Becky Beamer, “Evolution of Tradition”

1. Full-Frame Book Work
This book installation is one solid piece.
The hand-made paper pages capture the evolution of
tradition that grew from the red dirt.
The glass beads were purchased in the same city
where the master bead workers formed their pieces.
2. Close-Up Book Work
This is technically the back of the piece. The
pages, the oral history, are slightly hidden from
the public. Upon closer examination, the beauty
of each page and the repetition of the crafts are
revealed.
3. Close-Up Book Work, 2
This view highlights the precision necessary to complete
the work. The found objects and new hand-made objects
become one book – one history.
4. Close-Up Book Work, 3
Please note how each page is carefully sewn into the
book. It’s a brand new sewing technique and form
developed to use across the metal rods and through the
beaded areas. It is similar to sewing on tapes.
5. Artistic Process
This is part of the stack of paper made by the artist
for this book. The muted colors evolve over time
similar to material culture.
Becky Beamer
Tuscaloosa, Alabama
http://www.beckybeamer.com
Evolution of Tradition
2016
Mixed Media: Handmade Paper by Artist, White Glass Beads (Namibian), Found Table, Steel, Thread, Concrete, Dirt from Namibia and Alabama
1
150+
41.25” x 35” x 26”
N/A

 Evolution of Tradition
This piece represents a book that is transformed over time, by many makers.
Influenced by outsiders, the craft culture transforms, bends, and builds through pages, not words. The
assemblage of pages, hiding behind beadwork, reminds me of a story. A story passed on to family and
friends through listening. The story changes, only slightly, over time. It is rooted in the land. The red dirt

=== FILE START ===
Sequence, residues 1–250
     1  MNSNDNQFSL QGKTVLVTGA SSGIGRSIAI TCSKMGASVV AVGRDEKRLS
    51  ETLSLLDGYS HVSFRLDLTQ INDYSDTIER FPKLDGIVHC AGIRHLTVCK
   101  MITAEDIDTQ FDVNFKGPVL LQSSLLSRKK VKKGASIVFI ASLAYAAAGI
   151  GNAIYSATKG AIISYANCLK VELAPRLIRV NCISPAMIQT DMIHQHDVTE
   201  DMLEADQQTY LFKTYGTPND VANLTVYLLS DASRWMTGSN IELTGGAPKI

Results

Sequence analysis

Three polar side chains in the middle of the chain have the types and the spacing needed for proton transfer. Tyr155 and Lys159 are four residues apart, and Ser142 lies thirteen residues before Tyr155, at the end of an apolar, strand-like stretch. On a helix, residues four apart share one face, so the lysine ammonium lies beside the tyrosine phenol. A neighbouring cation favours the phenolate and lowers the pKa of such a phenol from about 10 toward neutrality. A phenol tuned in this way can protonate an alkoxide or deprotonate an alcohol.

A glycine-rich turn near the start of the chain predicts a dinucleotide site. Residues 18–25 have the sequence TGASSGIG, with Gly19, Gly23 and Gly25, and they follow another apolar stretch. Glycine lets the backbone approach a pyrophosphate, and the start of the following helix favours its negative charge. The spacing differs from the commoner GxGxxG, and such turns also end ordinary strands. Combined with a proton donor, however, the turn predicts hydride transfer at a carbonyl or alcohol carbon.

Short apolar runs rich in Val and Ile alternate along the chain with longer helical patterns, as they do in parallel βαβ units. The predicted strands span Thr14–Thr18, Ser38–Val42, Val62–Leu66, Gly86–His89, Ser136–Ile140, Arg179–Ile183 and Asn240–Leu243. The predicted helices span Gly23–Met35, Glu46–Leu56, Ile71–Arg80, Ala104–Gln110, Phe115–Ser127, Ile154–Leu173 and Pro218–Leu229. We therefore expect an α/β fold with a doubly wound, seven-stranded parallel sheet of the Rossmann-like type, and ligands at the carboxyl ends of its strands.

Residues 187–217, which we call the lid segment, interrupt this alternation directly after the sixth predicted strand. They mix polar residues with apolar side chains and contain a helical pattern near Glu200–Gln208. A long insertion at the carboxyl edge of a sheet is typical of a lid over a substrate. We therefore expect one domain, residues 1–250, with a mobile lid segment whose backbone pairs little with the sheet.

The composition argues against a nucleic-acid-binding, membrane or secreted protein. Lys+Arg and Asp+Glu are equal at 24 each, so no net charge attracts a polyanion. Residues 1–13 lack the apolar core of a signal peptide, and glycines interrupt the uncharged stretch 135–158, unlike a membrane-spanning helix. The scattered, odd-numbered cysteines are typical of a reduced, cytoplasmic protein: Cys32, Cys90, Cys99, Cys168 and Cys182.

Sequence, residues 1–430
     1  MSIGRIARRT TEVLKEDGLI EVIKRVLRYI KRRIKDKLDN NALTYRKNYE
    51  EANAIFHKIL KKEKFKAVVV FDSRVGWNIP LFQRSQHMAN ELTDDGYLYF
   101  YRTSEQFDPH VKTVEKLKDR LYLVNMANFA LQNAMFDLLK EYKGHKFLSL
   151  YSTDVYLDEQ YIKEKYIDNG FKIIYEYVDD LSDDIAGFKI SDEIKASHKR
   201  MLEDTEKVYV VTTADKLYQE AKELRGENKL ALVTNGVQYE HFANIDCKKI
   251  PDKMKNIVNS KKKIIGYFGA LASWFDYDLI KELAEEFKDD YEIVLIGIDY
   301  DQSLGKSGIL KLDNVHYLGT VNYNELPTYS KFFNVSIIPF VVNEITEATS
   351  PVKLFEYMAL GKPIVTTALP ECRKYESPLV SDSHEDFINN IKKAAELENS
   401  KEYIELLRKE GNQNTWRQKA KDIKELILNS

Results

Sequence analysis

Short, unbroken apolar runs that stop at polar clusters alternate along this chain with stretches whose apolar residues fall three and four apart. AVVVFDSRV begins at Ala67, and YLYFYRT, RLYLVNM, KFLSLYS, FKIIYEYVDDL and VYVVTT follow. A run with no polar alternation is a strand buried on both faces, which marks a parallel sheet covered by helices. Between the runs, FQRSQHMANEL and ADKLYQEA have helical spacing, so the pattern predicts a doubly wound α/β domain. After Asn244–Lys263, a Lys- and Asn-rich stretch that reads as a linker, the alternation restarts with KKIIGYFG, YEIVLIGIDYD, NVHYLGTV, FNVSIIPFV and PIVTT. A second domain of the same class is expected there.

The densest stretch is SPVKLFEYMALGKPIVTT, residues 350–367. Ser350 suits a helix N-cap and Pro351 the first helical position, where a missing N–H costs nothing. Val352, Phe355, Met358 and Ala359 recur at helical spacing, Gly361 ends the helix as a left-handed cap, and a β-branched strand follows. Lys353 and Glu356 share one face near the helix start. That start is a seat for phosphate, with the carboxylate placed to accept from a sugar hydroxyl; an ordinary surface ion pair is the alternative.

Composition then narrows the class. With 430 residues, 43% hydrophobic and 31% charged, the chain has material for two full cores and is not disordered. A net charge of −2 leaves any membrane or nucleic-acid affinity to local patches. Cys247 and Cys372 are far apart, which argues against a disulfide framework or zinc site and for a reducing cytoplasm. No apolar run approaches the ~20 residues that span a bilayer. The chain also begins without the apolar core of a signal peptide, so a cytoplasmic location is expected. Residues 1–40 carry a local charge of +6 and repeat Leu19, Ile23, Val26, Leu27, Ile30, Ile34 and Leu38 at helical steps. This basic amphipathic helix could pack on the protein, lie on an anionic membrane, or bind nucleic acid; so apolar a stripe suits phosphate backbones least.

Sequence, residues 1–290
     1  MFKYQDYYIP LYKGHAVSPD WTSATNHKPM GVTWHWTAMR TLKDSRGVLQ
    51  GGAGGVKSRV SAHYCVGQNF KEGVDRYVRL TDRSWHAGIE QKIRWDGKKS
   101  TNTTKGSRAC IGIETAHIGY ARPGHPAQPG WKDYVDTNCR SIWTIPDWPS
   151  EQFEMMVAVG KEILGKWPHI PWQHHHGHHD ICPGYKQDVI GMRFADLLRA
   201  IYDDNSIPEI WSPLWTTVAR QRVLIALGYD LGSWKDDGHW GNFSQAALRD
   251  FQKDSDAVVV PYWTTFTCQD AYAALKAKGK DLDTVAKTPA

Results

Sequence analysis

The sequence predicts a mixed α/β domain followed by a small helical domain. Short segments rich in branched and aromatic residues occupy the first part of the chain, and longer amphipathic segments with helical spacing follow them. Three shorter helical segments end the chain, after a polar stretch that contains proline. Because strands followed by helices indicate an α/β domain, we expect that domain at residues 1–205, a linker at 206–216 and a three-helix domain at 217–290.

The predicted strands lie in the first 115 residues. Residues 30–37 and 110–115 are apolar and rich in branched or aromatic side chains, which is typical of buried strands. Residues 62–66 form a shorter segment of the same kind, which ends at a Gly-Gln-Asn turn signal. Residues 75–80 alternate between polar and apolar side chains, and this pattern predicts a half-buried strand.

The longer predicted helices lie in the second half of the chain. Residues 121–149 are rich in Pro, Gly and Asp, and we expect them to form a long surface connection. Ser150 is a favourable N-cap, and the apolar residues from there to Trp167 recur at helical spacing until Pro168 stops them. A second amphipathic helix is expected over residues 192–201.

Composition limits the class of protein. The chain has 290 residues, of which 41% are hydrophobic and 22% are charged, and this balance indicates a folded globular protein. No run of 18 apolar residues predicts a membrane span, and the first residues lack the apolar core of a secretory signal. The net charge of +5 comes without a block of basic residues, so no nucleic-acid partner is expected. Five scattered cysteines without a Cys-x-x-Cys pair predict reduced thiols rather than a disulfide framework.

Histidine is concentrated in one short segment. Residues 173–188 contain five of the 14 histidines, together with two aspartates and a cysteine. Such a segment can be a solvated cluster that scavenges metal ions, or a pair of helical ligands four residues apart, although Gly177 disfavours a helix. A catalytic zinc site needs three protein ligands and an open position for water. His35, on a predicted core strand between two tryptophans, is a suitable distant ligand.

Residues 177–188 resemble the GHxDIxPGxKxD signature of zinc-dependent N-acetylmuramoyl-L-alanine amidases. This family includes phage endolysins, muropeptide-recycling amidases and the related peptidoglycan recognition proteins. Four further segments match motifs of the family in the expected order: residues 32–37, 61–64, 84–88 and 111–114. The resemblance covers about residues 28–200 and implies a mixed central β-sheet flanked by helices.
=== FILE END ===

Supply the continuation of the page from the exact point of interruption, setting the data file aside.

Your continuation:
“feet” represent the land, Namibia and Alabama.
People come from the red land. The red dirt symbolizes the importance of home in both Namibia and
Alabama where many culture trends derive. The “feet” were influenced by plastic materiality, like
plastics are currently influencing craft culture in Namibia. Though new materials have entered the
landscape, beadwork traditions remains strong in the culture.
The white beads start at the floor – a tradition rooted in the land. Overtime, beadwork patterns changed
which shown through the bead evolution in this book work. The culture traverses the landscape in
parallel – just like the beads. The European style table represents the influence of outsiders on Namibian
culture, most noticeably, Europeans.
I conceptualized this piece after an extended research trip to Namibia to document indigenous craft
process through video and photography. That experience also inspired a book series and installation
called Namibian Craft: the Unknown & the Outsiders.
While I can’t predict exactly how my work will evolve, I do have a call to action. My work always begins
with research and environmental immersion. I gather physical materials and books. Then, I will reflect on
that research through a variety of expression methods and materials. This is my repetition of process that
helps me grow as an artist.
My artistic process is a direct reflection multi-dimensional background in documentary, book arts, and
sculpture. Imagine artworks that are rooted in exploration, research, and storytelling that expose
technical abilities in video, photography, and bookwork. The final products range from installations, to
small press publications, sculptures and films. The common themes that have emerged from my work
include questions about personal identity, the importance of cultural preservation, and a curiosity in
ethnographic explorations. My mission is to leave a lasting contribution to the fields of ethnology, docujournalism,
and book arts by pushing the boundaries and borders of those genres.
Every adventure supplies new inspiration for artistic expression, content and process. I believe in the
immortality of art & collaboration. With so many stories to tell, there’s no reason to stay in one place.
Becky Beamer